A deal has been struck to provide a vaccine more quickly in the event of another outbreak of the Ebola virus.
Gavi, the Vaccine Alliance has committed $5 million to the development of Merck Sharp & Dohme’s (MSD) Ebola Zaire vaccine, on the understanding it will be submitted for licensing by the end of 2017.
In return MSD will make 300,000 doses of the vaccine are available from May 2016 for use in clinical trials or emergencies while its development continues. Submitting an emergency use application to the World Health Organization (WHO), as MSD has done, will allow the vaccine to be used if there is an outbreak before it becomes licensed.
Gavi CEO Dr Seth Berkley said: “The suffering caused by the Ebola crisis was a wake-up call to many in the global health community. New threats require smart solutions and our innovative financing agreement with Merck will ensure that we are ahead of the curve for future Ebola outbreaks.”
The 2014-15 Ebola epidemic in West Africa killed more than 11,300 and infected over 28,600 people.
Separately, the global shortage of cholera vaccines is set to be eased after the WHO approved a third producer of the vaccine in a move which will double supplies worldwide.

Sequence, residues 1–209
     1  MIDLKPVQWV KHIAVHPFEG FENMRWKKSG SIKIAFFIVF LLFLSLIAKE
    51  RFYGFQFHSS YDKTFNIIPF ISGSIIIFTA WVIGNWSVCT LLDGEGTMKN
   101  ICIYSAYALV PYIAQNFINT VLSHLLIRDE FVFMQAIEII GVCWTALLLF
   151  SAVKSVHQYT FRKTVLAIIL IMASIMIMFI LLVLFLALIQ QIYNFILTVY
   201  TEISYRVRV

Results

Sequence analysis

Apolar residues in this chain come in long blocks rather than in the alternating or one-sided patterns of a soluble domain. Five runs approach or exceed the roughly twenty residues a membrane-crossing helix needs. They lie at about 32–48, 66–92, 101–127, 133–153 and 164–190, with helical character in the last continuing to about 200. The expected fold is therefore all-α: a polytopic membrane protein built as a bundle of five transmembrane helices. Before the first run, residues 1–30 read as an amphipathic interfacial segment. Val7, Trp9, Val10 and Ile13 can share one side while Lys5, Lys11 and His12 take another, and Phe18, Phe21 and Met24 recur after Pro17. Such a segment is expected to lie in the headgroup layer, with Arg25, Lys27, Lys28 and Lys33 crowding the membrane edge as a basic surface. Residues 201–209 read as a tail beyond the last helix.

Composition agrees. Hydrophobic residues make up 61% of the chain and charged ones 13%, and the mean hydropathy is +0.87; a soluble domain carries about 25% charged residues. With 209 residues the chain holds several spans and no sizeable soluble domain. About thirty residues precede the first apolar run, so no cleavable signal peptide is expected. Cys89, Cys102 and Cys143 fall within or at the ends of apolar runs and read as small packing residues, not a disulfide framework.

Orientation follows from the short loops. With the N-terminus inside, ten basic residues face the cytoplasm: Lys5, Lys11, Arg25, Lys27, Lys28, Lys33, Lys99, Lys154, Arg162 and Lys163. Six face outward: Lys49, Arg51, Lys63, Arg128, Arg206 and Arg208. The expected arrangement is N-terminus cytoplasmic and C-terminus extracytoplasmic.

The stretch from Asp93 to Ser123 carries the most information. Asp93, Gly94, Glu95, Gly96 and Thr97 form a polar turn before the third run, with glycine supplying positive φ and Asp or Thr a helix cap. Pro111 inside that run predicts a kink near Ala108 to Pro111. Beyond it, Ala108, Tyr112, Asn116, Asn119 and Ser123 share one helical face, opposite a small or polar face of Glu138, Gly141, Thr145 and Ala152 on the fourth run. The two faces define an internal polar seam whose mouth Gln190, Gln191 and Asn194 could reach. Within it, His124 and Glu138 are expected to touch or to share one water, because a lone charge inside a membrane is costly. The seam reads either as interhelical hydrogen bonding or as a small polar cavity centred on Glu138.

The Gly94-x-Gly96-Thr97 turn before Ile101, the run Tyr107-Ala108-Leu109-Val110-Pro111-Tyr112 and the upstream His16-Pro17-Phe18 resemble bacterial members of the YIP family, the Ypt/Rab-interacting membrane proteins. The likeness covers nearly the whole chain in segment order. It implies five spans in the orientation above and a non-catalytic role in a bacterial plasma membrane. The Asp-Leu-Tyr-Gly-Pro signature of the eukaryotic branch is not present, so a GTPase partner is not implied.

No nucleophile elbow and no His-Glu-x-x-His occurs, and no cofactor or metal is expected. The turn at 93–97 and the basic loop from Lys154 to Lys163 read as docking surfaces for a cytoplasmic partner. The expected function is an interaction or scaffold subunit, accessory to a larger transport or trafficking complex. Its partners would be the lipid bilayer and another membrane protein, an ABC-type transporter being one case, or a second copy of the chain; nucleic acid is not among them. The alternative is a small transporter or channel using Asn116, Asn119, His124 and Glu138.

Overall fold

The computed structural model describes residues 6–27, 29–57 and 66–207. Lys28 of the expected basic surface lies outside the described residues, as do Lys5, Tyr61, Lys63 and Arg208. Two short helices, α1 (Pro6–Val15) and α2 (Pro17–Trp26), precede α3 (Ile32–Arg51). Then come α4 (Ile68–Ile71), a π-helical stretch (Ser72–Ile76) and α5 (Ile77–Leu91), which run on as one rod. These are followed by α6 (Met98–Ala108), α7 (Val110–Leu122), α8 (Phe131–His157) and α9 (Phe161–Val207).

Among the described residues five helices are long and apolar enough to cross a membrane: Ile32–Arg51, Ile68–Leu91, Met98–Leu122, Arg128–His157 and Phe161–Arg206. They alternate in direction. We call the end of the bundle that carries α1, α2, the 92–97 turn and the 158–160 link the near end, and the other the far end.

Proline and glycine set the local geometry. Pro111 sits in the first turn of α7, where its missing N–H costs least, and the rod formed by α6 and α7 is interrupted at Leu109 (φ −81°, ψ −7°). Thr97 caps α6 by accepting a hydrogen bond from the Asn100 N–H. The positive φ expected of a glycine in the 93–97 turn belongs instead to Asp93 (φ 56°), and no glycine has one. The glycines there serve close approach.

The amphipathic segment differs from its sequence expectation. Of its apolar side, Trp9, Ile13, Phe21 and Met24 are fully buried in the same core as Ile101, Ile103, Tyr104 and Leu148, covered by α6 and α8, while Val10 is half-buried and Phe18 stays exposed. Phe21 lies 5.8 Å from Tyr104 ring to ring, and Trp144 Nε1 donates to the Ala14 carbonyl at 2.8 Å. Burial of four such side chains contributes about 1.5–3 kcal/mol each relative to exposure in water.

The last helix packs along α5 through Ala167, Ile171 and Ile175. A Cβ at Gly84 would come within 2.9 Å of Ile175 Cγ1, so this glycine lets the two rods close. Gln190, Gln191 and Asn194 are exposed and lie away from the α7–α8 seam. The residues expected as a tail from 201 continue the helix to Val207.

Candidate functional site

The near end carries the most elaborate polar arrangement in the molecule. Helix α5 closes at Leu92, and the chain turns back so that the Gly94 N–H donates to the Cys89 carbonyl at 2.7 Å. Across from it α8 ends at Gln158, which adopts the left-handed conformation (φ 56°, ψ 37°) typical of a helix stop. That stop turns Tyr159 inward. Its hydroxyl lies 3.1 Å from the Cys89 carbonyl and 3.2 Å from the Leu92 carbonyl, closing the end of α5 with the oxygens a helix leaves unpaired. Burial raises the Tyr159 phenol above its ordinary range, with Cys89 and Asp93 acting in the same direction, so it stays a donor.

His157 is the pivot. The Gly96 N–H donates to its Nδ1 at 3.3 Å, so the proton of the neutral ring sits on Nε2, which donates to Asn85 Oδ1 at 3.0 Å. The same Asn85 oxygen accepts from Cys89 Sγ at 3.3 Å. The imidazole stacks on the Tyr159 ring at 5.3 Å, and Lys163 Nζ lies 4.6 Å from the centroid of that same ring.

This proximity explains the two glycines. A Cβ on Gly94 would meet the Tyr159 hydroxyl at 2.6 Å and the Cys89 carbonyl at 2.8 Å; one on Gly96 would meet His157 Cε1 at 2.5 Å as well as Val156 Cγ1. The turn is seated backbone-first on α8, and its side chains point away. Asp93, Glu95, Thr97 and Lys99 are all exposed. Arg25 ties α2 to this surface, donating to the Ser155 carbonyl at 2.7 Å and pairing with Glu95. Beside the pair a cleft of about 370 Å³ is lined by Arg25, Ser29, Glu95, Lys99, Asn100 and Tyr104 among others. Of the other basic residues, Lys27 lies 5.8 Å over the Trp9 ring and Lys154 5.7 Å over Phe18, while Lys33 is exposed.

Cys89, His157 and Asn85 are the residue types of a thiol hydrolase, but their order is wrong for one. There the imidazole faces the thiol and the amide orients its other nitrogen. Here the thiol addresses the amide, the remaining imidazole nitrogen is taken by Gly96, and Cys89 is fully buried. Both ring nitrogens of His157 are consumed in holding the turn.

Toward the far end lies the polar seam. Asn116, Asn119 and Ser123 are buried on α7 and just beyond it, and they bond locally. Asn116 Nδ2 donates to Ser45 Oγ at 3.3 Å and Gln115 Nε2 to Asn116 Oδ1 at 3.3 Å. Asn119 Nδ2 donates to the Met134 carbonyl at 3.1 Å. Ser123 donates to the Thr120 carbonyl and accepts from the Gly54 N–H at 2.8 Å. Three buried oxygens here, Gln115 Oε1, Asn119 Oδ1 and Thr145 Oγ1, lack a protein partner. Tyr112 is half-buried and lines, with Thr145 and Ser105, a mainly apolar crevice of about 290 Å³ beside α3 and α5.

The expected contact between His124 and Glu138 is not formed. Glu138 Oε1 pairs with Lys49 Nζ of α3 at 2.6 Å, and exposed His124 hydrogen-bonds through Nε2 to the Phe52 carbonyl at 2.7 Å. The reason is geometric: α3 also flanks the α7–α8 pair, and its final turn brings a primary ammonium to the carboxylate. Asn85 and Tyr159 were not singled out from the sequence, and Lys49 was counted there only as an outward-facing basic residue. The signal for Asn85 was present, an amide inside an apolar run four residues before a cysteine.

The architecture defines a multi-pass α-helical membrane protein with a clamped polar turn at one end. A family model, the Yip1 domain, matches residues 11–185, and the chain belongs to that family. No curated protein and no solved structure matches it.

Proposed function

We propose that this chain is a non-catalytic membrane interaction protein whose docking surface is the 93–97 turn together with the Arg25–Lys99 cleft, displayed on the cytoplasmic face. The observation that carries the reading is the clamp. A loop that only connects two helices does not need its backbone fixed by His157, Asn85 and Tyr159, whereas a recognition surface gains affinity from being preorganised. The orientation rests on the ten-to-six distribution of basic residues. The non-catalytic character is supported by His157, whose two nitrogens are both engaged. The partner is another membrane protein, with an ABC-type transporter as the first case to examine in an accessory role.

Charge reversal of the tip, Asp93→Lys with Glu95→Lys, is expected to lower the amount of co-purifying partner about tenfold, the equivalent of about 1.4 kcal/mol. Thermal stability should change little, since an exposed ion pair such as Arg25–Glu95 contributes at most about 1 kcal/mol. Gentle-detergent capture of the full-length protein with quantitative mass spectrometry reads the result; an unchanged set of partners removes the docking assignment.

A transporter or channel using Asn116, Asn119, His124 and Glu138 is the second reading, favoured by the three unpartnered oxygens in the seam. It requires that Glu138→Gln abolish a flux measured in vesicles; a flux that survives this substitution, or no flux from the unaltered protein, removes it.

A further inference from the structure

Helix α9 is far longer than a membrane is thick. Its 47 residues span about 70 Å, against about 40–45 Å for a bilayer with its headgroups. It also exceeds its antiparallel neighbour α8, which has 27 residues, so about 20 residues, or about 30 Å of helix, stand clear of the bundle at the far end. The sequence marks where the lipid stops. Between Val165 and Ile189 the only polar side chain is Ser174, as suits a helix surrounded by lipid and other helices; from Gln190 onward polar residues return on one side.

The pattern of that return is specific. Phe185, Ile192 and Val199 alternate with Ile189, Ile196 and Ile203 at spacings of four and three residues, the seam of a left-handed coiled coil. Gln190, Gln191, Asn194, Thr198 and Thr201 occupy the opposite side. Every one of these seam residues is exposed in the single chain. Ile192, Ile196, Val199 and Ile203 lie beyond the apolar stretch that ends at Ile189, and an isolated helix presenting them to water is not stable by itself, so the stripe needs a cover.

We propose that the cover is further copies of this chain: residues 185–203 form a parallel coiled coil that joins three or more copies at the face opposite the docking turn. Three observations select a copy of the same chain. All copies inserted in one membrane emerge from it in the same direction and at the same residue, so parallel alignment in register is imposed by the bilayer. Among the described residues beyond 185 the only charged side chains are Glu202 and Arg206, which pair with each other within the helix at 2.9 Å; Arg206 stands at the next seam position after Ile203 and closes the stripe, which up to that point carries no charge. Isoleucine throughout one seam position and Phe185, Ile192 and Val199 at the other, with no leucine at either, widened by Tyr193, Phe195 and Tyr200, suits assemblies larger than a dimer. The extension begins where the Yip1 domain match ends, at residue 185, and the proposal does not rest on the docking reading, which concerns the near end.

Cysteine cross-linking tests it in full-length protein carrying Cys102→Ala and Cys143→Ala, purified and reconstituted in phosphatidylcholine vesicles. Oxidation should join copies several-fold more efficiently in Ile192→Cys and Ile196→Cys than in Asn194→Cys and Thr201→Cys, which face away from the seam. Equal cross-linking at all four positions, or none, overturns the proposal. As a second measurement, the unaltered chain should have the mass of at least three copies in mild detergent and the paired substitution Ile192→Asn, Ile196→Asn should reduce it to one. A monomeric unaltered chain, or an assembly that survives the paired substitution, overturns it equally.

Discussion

Current supplies of cholera vaccine are outstripped by demand which meant requests from Sudan and Haiti for supplies of the vaccine in case of possible epidemics last year had to be denied.
Now the WHO has approved a third supplier under its pre-qualification programme, which ensures the quality and safety of drugs and bought by countries and international agencies such as UNICEF.
The appointment of a third supplier, South Korean company EuBiologics, is expected to double global supply to 6m doses in 2016 and there is the potential for further increased production in the future.
“This additional capacity will contribute to reversing a vicious cycle of low demand, low production, high price and inequitable distribution,” said the WHO.
There are between 1.4m and 4.3m cases of cholera a year and up to 142,000 deaths. The disease can kill within hours if untreated.
In January the WHO said that a cholera epidemic in Tanzania has infected more than 14,000 people and claimed 222 lives.
Historically there has been a low demand for the cholera vaccine as the disease affected mainly poor communities who were unaware of its existence.
In 2013 the WHO created the world's first stockpile of cholera vaccines, initially pledging to source two million doses - enough to treat one million people - per year.